Week one of Ecclesiastes study, a look into the back story of Ecclesiastes and a dive into a verse or two that resonated with us.
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It is believed that Ecclesiastes was written by Solomon (son of David, King of Israel). As we study Ecclesiastes, you will see from the beginning that this is a book of wisdom, written by someone who has seen and experienced a lot of life, and is able to look back and see what is truly important in life, versus what we may think is important. I won't bore you with the dates and stuff like that, but according to when Ecclesiastes was written, it would line up right with the later part of Solomon's life, so it would make since!
Not only did the author write with a great abundance of wisdom, he writes with a huge amount of reverence and love for God, some might even say fear. Fear is the foundation of wisdom in this book of the Bible.
Poetically written, the point is consistently made to show the difference between a world with God and without Him, or His instruction and purpose on one's life. This contrast shows younger generations of the kingdom (Israel and us) a guide or an example to show how to live life for God and what is important.
This week we actually have more than one verse to look at!
VERSE 7: All streams flow into the sea, yet the sea is never full, to the place the steams come from, there they return again.
Water flows to the sea feeding it, filling it up. Water flows from the clouds to nourish and wash the earth. Just like God's love kindness and wisdom pours into us, just like a stream pours into a body of water. I return to God over and over again.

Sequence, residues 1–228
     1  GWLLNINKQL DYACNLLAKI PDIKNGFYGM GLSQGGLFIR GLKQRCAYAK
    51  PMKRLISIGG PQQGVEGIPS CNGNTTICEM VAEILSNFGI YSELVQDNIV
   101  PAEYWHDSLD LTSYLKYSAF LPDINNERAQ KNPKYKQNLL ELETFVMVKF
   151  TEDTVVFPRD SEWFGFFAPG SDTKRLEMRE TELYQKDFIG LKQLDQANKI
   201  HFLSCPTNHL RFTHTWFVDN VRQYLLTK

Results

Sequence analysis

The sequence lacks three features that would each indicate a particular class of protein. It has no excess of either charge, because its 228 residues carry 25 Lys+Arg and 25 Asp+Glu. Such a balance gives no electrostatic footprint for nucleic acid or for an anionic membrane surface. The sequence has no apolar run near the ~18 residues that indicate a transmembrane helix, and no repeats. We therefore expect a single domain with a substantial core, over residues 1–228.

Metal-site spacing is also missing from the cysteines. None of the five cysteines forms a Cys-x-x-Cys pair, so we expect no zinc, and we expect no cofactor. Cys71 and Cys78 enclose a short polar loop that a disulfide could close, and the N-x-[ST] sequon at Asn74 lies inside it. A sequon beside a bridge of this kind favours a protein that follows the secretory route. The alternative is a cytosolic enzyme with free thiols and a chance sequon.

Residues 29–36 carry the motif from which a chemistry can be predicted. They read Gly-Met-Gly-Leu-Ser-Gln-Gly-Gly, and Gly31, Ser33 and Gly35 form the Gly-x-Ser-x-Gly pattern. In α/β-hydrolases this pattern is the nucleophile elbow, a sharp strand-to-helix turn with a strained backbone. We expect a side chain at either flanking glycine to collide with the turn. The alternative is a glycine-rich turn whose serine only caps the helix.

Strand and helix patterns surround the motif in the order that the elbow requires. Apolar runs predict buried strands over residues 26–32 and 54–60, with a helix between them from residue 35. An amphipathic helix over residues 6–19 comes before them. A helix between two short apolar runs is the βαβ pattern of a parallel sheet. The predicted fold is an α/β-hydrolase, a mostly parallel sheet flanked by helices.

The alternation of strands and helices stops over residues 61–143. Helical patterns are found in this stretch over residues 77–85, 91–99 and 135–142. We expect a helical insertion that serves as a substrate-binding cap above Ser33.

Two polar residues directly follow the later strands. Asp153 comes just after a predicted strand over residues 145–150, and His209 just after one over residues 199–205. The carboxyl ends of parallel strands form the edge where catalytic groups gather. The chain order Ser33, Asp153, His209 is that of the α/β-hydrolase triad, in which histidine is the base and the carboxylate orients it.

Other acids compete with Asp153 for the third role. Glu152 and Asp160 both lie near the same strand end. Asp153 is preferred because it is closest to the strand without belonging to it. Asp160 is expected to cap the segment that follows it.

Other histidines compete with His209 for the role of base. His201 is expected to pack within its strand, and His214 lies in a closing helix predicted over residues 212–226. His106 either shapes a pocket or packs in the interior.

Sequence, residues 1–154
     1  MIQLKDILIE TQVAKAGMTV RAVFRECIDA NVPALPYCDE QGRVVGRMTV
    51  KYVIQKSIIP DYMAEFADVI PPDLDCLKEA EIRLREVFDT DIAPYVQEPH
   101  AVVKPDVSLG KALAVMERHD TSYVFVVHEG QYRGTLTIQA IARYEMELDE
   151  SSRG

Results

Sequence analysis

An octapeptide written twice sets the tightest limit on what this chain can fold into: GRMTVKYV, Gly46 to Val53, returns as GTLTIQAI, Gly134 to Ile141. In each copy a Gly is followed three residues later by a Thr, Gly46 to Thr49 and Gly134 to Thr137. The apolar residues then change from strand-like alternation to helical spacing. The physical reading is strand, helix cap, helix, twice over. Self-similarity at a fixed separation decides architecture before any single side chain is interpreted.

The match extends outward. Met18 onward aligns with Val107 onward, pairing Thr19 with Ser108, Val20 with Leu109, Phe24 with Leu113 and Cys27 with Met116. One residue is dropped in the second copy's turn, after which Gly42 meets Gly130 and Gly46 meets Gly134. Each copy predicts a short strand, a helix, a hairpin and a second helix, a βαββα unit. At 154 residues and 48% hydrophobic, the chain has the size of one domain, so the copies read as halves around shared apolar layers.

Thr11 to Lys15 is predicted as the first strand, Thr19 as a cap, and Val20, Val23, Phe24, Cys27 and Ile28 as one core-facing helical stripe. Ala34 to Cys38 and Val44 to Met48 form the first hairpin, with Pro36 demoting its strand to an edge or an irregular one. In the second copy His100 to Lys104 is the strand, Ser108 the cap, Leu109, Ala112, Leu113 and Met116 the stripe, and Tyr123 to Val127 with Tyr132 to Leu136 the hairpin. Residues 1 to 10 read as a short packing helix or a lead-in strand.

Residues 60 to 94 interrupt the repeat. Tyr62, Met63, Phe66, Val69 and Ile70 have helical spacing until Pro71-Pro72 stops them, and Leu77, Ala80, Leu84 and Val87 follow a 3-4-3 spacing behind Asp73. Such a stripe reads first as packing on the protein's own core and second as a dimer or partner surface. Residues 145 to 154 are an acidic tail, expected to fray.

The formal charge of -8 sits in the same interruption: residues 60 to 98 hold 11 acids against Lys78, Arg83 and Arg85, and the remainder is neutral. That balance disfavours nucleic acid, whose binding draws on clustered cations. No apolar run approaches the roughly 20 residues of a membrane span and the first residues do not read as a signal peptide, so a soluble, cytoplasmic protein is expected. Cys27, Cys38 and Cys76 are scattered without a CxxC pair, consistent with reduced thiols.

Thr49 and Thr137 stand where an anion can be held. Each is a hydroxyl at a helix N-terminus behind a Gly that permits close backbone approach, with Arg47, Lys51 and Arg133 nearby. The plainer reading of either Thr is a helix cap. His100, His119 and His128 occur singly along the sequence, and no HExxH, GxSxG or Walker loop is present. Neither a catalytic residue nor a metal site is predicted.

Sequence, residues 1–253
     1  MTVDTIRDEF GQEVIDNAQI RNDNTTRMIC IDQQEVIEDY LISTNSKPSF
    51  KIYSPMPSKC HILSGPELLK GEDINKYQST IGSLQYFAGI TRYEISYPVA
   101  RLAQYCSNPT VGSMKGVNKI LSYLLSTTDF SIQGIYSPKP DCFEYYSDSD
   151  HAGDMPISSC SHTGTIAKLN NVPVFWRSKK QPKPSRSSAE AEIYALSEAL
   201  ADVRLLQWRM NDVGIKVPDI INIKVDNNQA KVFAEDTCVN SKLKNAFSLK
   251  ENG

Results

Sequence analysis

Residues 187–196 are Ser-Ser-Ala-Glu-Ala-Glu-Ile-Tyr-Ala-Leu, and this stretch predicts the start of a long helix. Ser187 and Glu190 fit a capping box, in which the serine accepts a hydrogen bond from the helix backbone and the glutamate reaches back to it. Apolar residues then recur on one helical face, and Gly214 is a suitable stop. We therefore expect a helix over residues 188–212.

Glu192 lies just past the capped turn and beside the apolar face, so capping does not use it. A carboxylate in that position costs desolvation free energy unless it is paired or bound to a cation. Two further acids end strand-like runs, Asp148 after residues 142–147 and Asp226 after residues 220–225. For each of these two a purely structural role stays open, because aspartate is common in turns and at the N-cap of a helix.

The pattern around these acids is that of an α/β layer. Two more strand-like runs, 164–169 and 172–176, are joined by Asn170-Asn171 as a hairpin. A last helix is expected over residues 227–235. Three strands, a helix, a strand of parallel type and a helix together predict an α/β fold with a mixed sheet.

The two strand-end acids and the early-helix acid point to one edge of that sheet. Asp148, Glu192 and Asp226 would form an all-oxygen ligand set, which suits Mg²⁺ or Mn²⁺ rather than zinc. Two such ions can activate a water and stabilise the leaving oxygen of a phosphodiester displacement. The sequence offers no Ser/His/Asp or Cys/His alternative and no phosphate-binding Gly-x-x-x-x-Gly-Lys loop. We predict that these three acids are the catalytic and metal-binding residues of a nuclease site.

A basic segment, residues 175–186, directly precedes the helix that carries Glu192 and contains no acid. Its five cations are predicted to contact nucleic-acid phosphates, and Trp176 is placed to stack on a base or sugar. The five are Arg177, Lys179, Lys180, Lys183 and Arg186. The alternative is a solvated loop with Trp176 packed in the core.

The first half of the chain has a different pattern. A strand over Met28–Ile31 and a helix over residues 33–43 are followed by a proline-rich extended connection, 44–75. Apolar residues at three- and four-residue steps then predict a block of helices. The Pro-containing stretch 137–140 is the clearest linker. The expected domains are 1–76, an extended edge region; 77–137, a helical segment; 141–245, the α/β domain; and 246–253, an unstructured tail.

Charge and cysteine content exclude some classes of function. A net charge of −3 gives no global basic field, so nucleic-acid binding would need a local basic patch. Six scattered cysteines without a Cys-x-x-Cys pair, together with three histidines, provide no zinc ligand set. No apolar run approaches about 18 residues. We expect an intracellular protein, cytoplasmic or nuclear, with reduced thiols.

Cross reference: Job 36:28- The clouds pour down their moisture and abundant showers fall on mankind.
VERSE 2: "Meaningless! Meaningless!" says the Teacher. "Utterly meaningless! Everything is meaningless."
Literally everything outside of God is meaningless, this tends to be the teacher's theme of the entire book, The term "meaningless" occurs a total of thirty-five times in Ecclesiastes (and once elsewhere, Job 27:12). In the Hebrew language repeating the same word makes it a superlative, meaning it is exaggerated to show how a higher level of comparison.
Case in point, Solomon could have had anything and everything his heart desired, He did, actually. However, nothing he purchased, found or was gifted ever brought satisfaction in his heart, at least not for a long term basis. Any pleasures he took part in, did not satisfy, either. All these things were meaningless.
The world is so rushed, we all need to slow down, focus on what is important.
Everything on earth is temporary.
If all these things can't bring happiness, content, and satisfaction, what will? A life with God.
This world will never fully satisfy us alone, only God can do that.
Cross reference: Mark 8:36-38: What good is it for us to gain the world but forfeit our soul? Do not be ashamed of God in this bad world, and He will not forget!